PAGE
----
Film Review: Love, Simon

There is a predictability to the film industry that is as regular and reassuring as clockwork. You can guarantee that each year will start off with hard-hitting stories that are baiting the upcoming awards season. This will be followed up by school holidays littered with CGI comic book adventures before Christmas arrives with a huge blockbuster release. All padded out and supported by a foundation of franchise follow-ups and happy-go-lucky tales of growing old (dis)gracefully staring the elder statesmen of Hollywood.

You can also be sure that the high school uniforms will out in force. Every year, the already flooded genre of “American Teenage Coming of Age Tales” will get reworked to reflect the changing world and attitudes we now inhabit. Whether it’s through the dark seriousness of Cruel Intentions, the introspective search of The Perks Of Being A Wallflower or just the warm plagiarism of She’s All That – to name just three – the genre has been providing comedic examination and explanation, to reassure and guide, ever since, this one time, at band camp…

But 2018 looks to be shaking things up. Greta Gerwig set the ball rolling with the Oscar-nominated Lady Bird, looking at the mother/daughter relationship through a style that, finally, feels independent and real, detached from the stereotypical and glossy false realism that underpins so many of the genre. And Greg Berlanti has attempted to continue that detachment from the norm with Love, Simon, the cinematic outing of Becky Albertalli’s book Simon vs the Homo Sapien Agenda. The tale of, unsurprisingly, Simon and his one big, huge, secret that has, potentially, the power to shape a generation.

Sadly though, the first thing that hits you about Love, Simon is just how much the visual styling returns to the clichéd stereotypes the genre demands. The characters, and the world they live in, are all too shiny. Everything is just too clean and too perfect. It feels brand new, like a staged world, where rubbish doesn’t exist, and the weather picked purely to match the mood. Even the makeup of the characters, while visually diverse, are underpinned by personalities that feel forced together to meet expectations and tick boxes. The film even goes as far as to point this out; the opening monologue speaking of just how much the people in this world are all too perfect to be true. It’s as if the film is unsubtly trying to say, “I’ve got a very important message to speak about, but I’m having to hide it under a blanket of false imagery, sorry”.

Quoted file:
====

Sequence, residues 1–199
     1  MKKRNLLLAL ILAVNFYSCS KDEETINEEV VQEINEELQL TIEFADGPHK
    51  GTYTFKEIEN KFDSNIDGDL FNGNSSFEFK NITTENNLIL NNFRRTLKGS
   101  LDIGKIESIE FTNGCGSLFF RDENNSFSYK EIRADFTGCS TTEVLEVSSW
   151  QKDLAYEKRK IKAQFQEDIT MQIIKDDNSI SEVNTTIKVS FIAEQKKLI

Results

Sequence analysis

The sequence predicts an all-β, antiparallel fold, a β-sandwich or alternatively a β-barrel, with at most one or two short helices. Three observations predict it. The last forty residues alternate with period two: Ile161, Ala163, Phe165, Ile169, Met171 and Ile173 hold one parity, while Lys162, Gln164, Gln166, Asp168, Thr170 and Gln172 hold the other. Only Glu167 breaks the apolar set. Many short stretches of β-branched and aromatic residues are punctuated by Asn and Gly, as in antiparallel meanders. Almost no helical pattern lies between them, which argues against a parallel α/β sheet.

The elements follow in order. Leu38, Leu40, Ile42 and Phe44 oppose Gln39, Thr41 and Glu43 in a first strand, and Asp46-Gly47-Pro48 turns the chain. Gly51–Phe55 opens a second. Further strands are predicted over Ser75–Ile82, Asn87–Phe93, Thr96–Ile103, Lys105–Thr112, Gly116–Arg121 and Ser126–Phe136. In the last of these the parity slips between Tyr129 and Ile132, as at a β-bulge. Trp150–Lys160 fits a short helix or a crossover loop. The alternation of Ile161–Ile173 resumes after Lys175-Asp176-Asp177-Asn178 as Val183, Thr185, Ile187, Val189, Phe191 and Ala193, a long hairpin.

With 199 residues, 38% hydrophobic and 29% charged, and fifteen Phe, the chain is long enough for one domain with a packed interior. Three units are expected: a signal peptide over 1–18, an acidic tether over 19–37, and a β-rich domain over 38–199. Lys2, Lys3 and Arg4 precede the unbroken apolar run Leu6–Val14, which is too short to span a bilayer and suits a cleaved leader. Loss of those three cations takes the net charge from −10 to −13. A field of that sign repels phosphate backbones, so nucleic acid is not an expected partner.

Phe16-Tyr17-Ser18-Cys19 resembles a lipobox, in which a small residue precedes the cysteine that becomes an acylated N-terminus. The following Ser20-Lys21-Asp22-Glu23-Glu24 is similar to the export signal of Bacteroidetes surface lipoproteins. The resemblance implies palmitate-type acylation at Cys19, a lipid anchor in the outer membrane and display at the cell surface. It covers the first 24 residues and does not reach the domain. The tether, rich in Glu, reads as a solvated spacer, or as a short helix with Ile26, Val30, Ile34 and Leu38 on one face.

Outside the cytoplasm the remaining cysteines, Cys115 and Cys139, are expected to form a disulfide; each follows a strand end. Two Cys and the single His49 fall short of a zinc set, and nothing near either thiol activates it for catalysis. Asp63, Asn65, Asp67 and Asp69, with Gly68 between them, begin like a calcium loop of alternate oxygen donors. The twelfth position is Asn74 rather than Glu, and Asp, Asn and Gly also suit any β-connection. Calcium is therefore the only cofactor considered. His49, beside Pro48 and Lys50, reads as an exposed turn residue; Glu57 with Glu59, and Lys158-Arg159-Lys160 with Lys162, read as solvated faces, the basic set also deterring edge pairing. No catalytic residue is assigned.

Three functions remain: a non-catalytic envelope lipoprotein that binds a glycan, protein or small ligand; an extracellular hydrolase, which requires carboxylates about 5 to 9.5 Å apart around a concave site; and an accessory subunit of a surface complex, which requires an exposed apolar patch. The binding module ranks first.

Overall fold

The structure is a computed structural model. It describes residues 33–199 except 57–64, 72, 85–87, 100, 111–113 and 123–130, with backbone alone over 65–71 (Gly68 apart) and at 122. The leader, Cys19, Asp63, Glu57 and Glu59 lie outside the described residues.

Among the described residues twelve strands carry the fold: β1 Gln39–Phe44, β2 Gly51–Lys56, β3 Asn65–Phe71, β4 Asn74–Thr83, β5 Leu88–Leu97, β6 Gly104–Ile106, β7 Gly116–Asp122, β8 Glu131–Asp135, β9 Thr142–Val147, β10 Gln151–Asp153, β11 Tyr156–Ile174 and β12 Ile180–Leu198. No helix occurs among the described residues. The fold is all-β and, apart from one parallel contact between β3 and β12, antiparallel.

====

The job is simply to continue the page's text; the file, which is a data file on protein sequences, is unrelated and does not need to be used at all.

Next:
And that’s such a shame. Love, Simon is attempting to bring power to the struggles of acceptance and equality. To question what sexuality really means and how the prejudices, that plague society, stop too many from being who they really. To open a closed door in a mainstream debate. But doing so, in such a shiny wrapper, just dilutes the message. I couldn’t relax into the film because I couldn’t shake the feeling that, however much I wanted to believe in the story, the world just doesn’t work this way, opinions don’t change this quickly and children aren’t so openly accepting of differences. This is a genre can inspire the lives of the very people it claims to portray, but Love Simon forgets this. It’s touching on a group of people who are the most vulnerable, but it’s missed that vulnerability.

This sticking to the acceptable, cliched, normality even extends into the soundtrack. I’m glad it didn’t feel the need to belittle it’s subject with a sexually diverse backing track that was littered with Queen, Elton and George, but it needed more than just the monotonous, high school pop culture they’ve used instead. Music plays such an important role in real life, in helping to shape and define sexuality, that for it to be ignored so blandly, actually stood out above the story at times.

Sadly, Love, Simon is just an extended version of the trailer. It pads out the story with a few other questions and thoughts, but ultimately, it just sticks to the predefined, linear route of the 2-minute preview. I haven’t read the book on which it’s based (I didn’t even know it was based on a book until I started writing this review) but what little-unseen action the film brings, falls flat. It is uninspiring and nothing new and whilst, I never bored, my mind certainly taken into their world, I was just left me a bit numb by it all. Worse of all though is the ending. I won’t give it away, but it must be stated, I truly detested it. It turned me completely against Simon and left me just wanting to scream “You hypocrite” at the screen very loudly.

Love, Simon attempted to tackle a fundamentally scary, huge, and potentially life-changing topic. Speaking directly to those most at risk. But it fluffed its lines by conforming to an imagery and style that feels too removed from real life to carry the strength of that message. I’m sure huge numbers of people will flock to see it, hoping it’s more than it turns out to be. In the future, I think rather than turning into the cult classic it could have been, it’ll simply become nothing more than background noise. It’s the Nick and Nora’s Infinite Playlist, The Fault In Our Stars – a pleasant story but lost from memory before the credits have finished rolling.

(7 / 10)

Posted on by 5WC in Film First Edition

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